By Christine Galeone, Contributing Writer
Grafton – If imitation is the sincerest form of flattery, renowned clockmaker Simon Willard should have been delighted when his peers began imitating the design of his popular banjo clock, shortly after he received a patent for it in 1802. But he wasn’t. Although he allowed clockmakers in his family and some of his apprentices to produce versions of the clock that resembled the stringed instrument, he was angered by the fakes that flooded the marketplace.
Even now, forgeries and fakes of the clock, which was also known as the “patent timepiece,” are being sold. Robert C. Cheney, executive director and curator of the Willard House and Clock Museum, proclaimed that the timepiece is “probably the most faked American clock found today.” And while it’s difficult to distinguish between many forgeries and authentic Willard clocks, he’s learned the secrets to identifying the genuine ones. On Sunday, Sept. 16, from 1-2 p.m. at museum, he’ll share those secrets in his lecture “Fakes, Forgeries and Marriages: The Pitfalls of Collecting Willard’s Patent Timepiece.”
Cheney is uniquely qualified to give the lecture. Not only did he serve as an appraiser on the PBS show “Antiques Roadshow” and provide services to more than 35 museums, he’s lectured on American clocks in the United States and abroad. He’s also a third-generation clockmaker.
Banjo clocks played an important role in his life. Because they have an elegant simplicity, Cheney’s dad taught his young son the craft of making and restoring clocks by using projects involving them.
“They are some of the easiest clocks to repair,” Cheney said. “By age 7, I had disassembled and cleaned a patent timepiece for a major museum.”
Cheney has uncovered hundreds of banjo clock frauds. And with some clocks selling for up to $250,000 each, collectors and museums want to be as certain as possible that they’re not buying forgeries.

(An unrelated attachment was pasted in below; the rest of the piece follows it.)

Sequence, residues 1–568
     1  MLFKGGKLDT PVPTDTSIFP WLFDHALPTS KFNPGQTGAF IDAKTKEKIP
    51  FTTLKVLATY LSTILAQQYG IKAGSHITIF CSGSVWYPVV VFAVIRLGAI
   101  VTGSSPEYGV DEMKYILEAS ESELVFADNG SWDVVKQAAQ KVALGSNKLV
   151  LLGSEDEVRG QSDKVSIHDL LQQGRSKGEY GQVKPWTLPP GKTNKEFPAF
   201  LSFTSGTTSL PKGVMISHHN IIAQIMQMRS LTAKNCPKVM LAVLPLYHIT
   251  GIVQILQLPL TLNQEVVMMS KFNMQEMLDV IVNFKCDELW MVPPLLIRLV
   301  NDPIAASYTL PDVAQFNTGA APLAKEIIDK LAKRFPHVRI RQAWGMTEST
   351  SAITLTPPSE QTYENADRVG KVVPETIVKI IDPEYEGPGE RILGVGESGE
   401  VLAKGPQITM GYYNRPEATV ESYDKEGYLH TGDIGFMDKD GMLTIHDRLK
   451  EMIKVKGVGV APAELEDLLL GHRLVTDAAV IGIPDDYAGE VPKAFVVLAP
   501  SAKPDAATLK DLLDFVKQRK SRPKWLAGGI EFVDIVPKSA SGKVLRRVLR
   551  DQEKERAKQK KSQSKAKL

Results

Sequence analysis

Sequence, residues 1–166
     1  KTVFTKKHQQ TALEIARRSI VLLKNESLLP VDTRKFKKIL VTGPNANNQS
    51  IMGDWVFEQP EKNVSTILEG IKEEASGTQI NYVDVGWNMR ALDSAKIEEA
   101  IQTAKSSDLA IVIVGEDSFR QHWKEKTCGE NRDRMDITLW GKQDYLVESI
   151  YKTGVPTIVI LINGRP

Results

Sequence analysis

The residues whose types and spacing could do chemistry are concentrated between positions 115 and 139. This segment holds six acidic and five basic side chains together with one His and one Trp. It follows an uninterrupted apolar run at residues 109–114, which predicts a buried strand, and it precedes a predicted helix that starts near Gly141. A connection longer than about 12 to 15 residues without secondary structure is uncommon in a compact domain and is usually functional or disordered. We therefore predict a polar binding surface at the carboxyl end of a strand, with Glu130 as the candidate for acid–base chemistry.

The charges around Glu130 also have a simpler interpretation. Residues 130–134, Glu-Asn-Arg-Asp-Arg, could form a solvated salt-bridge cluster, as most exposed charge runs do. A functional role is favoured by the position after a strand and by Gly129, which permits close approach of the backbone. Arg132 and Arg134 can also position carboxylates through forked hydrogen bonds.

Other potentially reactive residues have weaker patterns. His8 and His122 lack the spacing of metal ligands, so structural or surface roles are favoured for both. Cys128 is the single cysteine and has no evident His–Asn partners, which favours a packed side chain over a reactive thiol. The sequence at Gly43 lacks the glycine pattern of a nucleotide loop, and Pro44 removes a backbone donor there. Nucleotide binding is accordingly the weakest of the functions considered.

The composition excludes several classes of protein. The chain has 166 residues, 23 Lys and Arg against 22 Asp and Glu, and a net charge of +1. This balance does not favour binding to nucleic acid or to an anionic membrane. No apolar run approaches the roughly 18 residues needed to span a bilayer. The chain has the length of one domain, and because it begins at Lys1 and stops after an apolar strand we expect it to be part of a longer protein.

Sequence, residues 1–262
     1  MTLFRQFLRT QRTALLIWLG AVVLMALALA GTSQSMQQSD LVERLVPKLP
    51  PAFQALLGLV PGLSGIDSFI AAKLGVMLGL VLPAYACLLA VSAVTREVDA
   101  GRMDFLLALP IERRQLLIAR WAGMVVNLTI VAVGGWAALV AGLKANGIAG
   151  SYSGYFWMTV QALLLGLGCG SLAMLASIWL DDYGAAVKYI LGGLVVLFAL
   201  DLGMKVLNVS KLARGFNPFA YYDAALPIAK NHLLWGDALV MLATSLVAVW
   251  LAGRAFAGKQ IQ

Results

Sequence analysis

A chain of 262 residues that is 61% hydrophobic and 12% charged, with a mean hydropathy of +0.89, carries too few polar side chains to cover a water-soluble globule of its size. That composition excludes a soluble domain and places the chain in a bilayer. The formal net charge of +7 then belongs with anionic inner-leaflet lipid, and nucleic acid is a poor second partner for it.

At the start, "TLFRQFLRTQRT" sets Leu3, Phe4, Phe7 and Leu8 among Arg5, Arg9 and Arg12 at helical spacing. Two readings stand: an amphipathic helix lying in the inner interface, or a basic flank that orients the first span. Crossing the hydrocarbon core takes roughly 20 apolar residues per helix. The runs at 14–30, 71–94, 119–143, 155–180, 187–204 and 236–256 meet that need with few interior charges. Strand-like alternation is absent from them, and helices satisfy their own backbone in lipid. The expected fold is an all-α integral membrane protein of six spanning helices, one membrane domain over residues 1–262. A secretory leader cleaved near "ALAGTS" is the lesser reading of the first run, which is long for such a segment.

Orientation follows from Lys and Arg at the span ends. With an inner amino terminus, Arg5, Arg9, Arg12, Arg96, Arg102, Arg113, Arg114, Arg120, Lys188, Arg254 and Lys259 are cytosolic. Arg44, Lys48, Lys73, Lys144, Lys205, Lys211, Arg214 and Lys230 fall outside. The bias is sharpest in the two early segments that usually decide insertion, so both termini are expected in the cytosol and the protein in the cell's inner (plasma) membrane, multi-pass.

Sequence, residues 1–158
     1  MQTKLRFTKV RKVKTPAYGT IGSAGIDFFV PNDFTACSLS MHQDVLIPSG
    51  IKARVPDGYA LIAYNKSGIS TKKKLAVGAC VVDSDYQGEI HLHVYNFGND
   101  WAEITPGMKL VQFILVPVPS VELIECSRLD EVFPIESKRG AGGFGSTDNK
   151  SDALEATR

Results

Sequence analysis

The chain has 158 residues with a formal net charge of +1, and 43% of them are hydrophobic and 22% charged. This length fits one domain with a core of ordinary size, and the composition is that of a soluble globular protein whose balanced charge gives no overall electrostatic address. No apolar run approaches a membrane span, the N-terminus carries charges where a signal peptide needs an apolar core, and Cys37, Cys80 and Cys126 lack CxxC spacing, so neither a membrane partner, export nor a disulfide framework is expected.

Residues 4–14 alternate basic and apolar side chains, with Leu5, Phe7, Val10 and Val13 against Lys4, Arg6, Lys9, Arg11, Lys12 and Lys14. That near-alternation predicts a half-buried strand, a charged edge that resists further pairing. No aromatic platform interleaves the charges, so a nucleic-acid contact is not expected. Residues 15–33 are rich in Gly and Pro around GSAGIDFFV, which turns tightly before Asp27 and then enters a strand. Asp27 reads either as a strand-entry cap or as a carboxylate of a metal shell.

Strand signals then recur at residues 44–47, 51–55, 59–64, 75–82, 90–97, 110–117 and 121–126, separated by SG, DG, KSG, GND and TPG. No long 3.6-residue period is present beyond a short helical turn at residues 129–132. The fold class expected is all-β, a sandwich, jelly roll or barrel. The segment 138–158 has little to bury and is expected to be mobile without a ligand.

Cheney said that not too many years ago, a highly skilled central Massachusetts hobbyist created a reproduction that he convinced people was a genuine banjo clock. When he passed away, it ended up in the hands of an antiques dealer who tried to sell it for $85,000.
“It wasn’t Simon Willard, but it did sure look like a Willard,” Cheney recalled.
In some cases, it’s the glass that fools people. Cheney said that when some collectors see glass that has imperfections and appears to be aged, they assume the clocks are genuine. But, he said, in the 19th century, clockmakers used “the best glass they could find,” because they wanted ideal surfaces to do reverse painting of ornate designs. Learning to recognize the difference between good glass and bad glass – without the aid of tools like black light – is one of the things he’ll discuss.
Cheney, who was recently awarded the National Association of Watch and Clock Collectors’ Silver Star Fellow designation (its highest award), is looking forward to giving the lecture.
“In this lecture, I’m going to open the faker’s handbook,” he said, “and I’m going to give away secrets that have been kept under wraps for years.”
The Willard House and Clock Museum is located at 11 Willard Road, North Grafton.